BLACKWATER NATIONAL WILDLIFE REFUGE, Md. -- What has gone missing here is almost as spectacular as the 8,000 acres of swampy wilderness that remain. And that makes it Chesapeake Bay's best place to watch climate change in action.
Visitors can see ospreys gliding overhead, egrets wading in the channels and Delmarva fox squirrels making their unhurried commutes between pine trees.
But then the road turns a corner, and Blackwater's marsh yields to a vast expanse of open water. This is what's missing: There used to be thousands more acres of wetland here, providing crucial habitat for creatures including blue crabs and blue herons. But, thanks in part to rising sea levels, it has drowned and become a large, salty lake. "If people want to see the effects" of Earth's increasing temperature, refuge biologist Roger Stone said, "it's happening here first."
But not just here. Around the world, scientists have found that climate change is altering natural ecosystems, making profound changes in the ways that animals live, migrate, eat and grow. Some species have benefited from the shift. Others have been left disastrously out of sync with their food supply. Two are known to have simply disappeared.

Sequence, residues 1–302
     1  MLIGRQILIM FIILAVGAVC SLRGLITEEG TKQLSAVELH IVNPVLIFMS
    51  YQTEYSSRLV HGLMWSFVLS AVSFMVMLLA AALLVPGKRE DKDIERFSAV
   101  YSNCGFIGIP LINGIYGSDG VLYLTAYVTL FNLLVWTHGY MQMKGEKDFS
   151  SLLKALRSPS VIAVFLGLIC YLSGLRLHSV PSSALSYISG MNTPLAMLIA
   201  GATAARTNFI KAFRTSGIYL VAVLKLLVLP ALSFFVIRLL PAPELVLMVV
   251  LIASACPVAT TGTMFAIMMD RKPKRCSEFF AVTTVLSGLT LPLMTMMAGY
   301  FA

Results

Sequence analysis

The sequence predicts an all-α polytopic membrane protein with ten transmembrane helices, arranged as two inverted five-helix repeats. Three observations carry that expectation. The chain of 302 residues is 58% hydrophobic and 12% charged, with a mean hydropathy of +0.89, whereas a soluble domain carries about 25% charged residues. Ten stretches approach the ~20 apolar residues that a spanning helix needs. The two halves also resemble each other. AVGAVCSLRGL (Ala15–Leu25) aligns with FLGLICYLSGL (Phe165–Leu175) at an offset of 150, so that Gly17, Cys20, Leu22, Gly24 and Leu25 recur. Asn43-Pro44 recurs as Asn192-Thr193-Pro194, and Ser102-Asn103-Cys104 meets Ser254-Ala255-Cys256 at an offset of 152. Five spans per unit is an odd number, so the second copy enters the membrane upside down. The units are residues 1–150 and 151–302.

If warming continues as predicted, scientists say, 20 percent or more of the planet's plant and animal species could be at increased risk of extinction. But, as the shrinking habitat at Blackwater shows, the bad news isn't all in the out years: Some changes have already begun. "This is actually something we see from pole to pole, and from sea level to the highest mountains in the world," said Lara Hansen, chief climate change scientist at the World Wildlife Fund, a private research and advocacy group. "It is not something we're going to see in the future. It's something we see right now."
Adapting to the damaging effects of climate change, plants are gradually moving to where temperatures are cooler, rainfall is greater, f...